Sunday, 5 October 2008

Glenrothes again

Another Saturday, another trip to Glenrothes! This weekend, I had the massive responsibility of driving the minibus, and I had a blast. I've never driven anything bigger than a Renault Scenic (the car my dad had when I was learning to drive), so it was a wee bit daunting at first. My glamourous co-pilot/navigator Anne managed to keep her heid and mine, and I got us there and back without need for further by elections. I even got cheered as we got back to Glasgow!

I've been thinking about the comment left anonymously on my last post, saying most people do things "not related to work" at the weekend. I'm sure they do, but for me, there doesn't seem to be much of a boundary between "work" and SNP/YSI stuff. I think I need some kind of hobby, but I don't know if I'd have time for it!

7 comments:

Stephen McGinn said...

Did Anne tell you to put in the glamorous bit? :-)

Indygal said...

No she did not Mr McGinn!! She just IS ... :-)

Indygal said...

Alison, ignore whoever it was who said that. During the day you do the job of a cllr, I do the job of a parliamentary researcher but what we do for the SNP specifically, is a labour of love, it's our passion and we don't have to justify it to anyone. it's not quite the same as a Tesco worker hanging out at the fish counter in Tesco on their day off lol.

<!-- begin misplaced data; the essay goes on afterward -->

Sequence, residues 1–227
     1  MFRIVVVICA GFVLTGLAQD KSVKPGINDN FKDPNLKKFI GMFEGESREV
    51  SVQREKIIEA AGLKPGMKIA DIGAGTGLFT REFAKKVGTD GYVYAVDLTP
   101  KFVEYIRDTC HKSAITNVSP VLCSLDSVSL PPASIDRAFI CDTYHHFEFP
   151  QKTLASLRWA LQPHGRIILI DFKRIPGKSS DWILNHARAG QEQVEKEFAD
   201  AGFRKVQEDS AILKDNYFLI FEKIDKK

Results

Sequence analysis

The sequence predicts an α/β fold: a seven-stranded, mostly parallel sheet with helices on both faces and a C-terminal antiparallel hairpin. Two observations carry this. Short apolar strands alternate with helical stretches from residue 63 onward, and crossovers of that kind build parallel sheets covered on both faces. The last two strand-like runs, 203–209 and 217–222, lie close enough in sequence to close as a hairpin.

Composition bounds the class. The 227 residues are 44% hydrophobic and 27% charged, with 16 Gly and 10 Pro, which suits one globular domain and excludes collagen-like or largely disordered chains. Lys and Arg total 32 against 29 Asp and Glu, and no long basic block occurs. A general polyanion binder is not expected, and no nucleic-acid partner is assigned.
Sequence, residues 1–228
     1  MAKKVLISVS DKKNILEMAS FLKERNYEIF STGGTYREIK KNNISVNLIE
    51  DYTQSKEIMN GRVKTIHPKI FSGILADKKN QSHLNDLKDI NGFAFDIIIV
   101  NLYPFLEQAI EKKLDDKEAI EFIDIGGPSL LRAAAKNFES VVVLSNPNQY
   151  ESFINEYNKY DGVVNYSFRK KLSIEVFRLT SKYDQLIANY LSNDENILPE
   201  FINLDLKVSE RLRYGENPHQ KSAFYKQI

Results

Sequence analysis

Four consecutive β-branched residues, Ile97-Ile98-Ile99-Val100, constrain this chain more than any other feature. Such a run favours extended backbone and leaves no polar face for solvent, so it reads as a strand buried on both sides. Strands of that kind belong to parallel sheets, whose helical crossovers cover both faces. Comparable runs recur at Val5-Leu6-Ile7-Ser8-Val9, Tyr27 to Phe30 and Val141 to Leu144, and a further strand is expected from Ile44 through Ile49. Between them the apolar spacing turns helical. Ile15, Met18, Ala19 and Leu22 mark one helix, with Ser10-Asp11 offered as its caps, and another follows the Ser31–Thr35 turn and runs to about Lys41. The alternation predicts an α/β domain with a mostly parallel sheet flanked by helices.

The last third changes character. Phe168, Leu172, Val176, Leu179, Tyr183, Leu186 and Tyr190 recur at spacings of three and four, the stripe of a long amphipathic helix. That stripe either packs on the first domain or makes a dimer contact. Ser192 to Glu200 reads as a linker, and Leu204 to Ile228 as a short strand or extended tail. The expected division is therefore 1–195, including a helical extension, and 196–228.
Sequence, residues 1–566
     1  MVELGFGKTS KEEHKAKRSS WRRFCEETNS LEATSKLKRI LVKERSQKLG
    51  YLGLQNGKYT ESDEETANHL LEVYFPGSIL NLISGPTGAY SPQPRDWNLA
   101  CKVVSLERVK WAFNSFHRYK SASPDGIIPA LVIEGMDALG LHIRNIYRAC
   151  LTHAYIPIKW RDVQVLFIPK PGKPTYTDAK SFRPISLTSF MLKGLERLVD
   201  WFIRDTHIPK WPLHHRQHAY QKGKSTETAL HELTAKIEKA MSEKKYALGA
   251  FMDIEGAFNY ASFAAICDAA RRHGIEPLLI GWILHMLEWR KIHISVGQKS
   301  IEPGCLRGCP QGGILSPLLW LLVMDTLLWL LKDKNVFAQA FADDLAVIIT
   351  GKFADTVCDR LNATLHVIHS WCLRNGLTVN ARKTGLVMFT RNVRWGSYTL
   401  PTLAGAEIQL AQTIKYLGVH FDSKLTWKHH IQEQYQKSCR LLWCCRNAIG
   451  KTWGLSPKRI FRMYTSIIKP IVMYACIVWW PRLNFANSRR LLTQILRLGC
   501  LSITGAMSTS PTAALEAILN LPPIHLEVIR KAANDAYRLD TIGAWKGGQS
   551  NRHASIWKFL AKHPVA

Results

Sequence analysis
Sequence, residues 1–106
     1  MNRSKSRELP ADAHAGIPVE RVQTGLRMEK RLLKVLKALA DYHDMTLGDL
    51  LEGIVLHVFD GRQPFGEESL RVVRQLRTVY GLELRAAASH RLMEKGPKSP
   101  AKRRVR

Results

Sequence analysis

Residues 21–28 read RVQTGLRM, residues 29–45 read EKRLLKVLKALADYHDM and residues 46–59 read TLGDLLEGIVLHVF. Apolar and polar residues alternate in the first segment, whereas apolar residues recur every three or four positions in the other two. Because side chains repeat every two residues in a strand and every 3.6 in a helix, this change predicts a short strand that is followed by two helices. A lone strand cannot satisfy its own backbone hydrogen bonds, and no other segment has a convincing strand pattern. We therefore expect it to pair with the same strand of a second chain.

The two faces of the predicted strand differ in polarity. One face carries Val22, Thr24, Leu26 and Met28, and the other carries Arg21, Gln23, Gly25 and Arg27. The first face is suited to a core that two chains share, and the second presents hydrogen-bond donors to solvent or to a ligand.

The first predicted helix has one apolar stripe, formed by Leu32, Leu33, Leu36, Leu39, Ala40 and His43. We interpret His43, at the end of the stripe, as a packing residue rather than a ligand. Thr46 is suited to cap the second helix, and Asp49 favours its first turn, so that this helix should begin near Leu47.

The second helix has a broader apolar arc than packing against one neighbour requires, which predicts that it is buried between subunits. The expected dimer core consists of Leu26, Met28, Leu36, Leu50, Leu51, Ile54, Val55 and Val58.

Anonymous said...

Indygal, I think you have misinterpreted my point (although perhaps I didn't make it that well!)

What I was trying to suggest is that spending seven days a week on 'work related' issues, whether a labour of love or not, can't really be that good for building rounded individuals.

It's easy to become consumed by work but my view is that some of the best and more productive workers are those with busy and meaningful lives away from their day jobs.

Esther Sassaman said...

Fortunately, politics is a very rounded experience - you have a mix of office work, talking to people, physical and sedentary work.. and you're engaged with the issues and the future of Scotland!

Indy said...

But the fact soneone may work in politics does not detract from the fact that it started out as a voluntary commitment.

You start off as an SNP member - that's your 'hobby' if you like. That may open doors to people becoming an elected member or a member of staff.

But that does not make what they do as an SNP member 'work' - though it may make their work an extension of their hobby.

Holyrood Patter said...

Anne - you may describe it as being a parliamentary researcher, but id say more tunnocks tea cake (and banter) provider :)